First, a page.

Lailumah Faisal regularly notices she is the only intern of color at her public relations internships — and sometimes the only person of color in the whole office.
“There have been a lot of conversations of ‘We should,’ but no one knows where to start or where to find diverse students to recruit,” said Faisal, a senior public relations major of Pakistani descent. “It’s not that there’s a lack of [candidates]. It’s that employers don’t know.”
Faisal’s experience inspired her to participate in the Bateman Competition, hosted by the Public Relations Student Society of America in partnership with the Public Relations Society of America. Students nationwide created and implemented a diversity-focused PR campaign for the month-long, annual competition that ended Monday.
Faisal, along with fellow senior PR majors Christina Borst, Erica DeAngelo, Rose McBride and Mary Kate O’Malley and their professor David Brown, held a series of lectures encouraging diversity in PR for Klein’s undergraduate Introduction to PR and PR Theory classes for the competition.
O’Malley and Brown led the lectures, which the team hoped would reinforce the idea that successful, diverse professionals can enter the PR field, connecting future students of color with professionals to look up to.
“The crux of our campaign has been centered around education, and a lot of it has also been about activating student allies because they hold power to create change for the future of this field,” McBride said.
The PR field has a problem recruiting and retaining racially diverse candidates. Data from the Bureau of Labor Statistics from 2018 found that nearly 87 percent of PR specialists are white, while 10 percent are Hispanic or Latinx, 7 percent are African-American and 5 percent are Asian.
“When you teach about an off-topic, like diversity, it becomes more than a classroom lesson, it becomes a life lesson,” Brown added. “It’s about helping others find their voice, staying true to themselves and having their story told.”
The team competed against more than 75 other student teams from across the country. The Temple teammates divided campaign responsibilities, like writing press releases, running social media and overseeing data collection, among themselves. While judging has not yet happened, teams will be evaluated on how well they researched, planned and executed their campaigns through portfolios submitted to the judges.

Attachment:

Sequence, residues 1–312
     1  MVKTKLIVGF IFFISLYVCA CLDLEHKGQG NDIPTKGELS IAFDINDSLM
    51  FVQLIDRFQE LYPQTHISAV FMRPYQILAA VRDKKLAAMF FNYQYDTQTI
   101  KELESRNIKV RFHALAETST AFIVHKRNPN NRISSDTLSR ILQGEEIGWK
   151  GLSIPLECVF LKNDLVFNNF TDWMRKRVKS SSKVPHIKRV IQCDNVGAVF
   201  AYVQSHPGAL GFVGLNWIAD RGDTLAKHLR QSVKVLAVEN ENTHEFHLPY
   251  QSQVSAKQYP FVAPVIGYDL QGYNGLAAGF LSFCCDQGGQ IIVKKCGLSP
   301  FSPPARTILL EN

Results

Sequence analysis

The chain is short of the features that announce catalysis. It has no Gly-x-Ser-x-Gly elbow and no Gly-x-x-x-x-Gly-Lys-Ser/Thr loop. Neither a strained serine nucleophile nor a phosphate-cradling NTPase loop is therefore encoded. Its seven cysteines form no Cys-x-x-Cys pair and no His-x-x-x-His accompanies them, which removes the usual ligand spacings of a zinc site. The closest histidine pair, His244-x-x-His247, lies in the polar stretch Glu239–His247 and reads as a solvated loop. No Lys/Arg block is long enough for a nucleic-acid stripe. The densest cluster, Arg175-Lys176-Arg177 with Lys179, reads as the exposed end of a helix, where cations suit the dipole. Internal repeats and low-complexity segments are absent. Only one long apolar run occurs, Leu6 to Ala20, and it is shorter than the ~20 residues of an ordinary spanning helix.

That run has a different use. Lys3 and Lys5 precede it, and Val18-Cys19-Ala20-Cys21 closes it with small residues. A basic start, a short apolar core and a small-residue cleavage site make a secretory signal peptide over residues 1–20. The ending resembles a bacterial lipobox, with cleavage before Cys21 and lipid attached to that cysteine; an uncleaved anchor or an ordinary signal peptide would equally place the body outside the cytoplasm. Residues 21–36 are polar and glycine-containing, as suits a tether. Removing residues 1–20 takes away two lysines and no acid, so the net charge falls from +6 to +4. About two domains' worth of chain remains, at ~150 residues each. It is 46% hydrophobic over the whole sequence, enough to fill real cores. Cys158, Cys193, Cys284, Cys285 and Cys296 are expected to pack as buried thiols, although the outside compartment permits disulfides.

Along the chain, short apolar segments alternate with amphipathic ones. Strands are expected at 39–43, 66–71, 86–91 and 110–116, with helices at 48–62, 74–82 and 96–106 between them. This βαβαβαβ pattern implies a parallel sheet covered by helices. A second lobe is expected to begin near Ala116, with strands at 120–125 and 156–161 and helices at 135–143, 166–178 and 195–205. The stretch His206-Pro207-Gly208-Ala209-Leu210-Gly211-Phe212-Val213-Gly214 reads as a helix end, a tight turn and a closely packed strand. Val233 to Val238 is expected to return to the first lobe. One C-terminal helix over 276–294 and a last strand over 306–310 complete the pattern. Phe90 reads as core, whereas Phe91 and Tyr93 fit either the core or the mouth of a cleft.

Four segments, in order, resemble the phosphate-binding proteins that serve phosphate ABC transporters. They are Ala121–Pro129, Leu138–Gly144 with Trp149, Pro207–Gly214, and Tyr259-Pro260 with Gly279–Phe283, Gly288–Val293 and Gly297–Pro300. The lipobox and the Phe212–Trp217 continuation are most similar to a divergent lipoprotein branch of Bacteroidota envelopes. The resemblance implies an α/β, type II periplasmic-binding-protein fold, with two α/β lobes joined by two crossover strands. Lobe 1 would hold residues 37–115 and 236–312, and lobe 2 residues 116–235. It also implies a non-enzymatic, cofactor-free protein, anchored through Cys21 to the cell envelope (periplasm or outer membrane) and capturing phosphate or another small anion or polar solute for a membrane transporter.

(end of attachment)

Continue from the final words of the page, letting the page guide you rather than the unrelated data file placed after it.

In addition to the initial campaign, participating teams had to promote “Diverse Voices: Profiles in Leadership,” a book featuring interviews from more than 30 diverse PR leaders. Temple University’s team created a book club, funded by accomplished Philadelphia PR professionals, for students to discuss the text.
“It’s really the first of its kind because it starts that dialogue,” Faisal said. “The book allows opportunities to start a dialogue on this conversation that a lot of people don’t get the opportunity to have.”
Faisal believes the voluntary nature of the competition shows the team’s dedication to the issue.
“I really appreciate everyone on this team because of that fact that we don’t have to be here, we don’t have to be doing this, but because we care so much at this point it shows there’s hope for the future,” Faisal said.
Though the campaign lasted a month, Brown and his students want to encourage its message year round.
The team placed copies of “Diverse Voices” in Paley Library and held faculty presentations in Temple’s Office of Institutional Diversity, Equality, Advocacy and Leadership to instruct PR faculty on how to teach about and discuss diversity on campus.
Despite Philadelphia’s diversity, Temple was the only university in the city to participate in the competition, which Brown calls “a blessing and a curse.”
“The blessing is that we’re the only ones doing it,” he said. “But the curse is that a lot of colleges and universities haven’t had the courage to participate.”
DeAngelo hopes the campaign can encourage continual discussions about diversity in the field.
“We all bring something different to the table, but that sometimes means that our experiences and perspectives are limited,” DeAngelo said. “It’s important that we’re making sure people who come from these backgrounds and experiences have power and the ability to tell their stories.”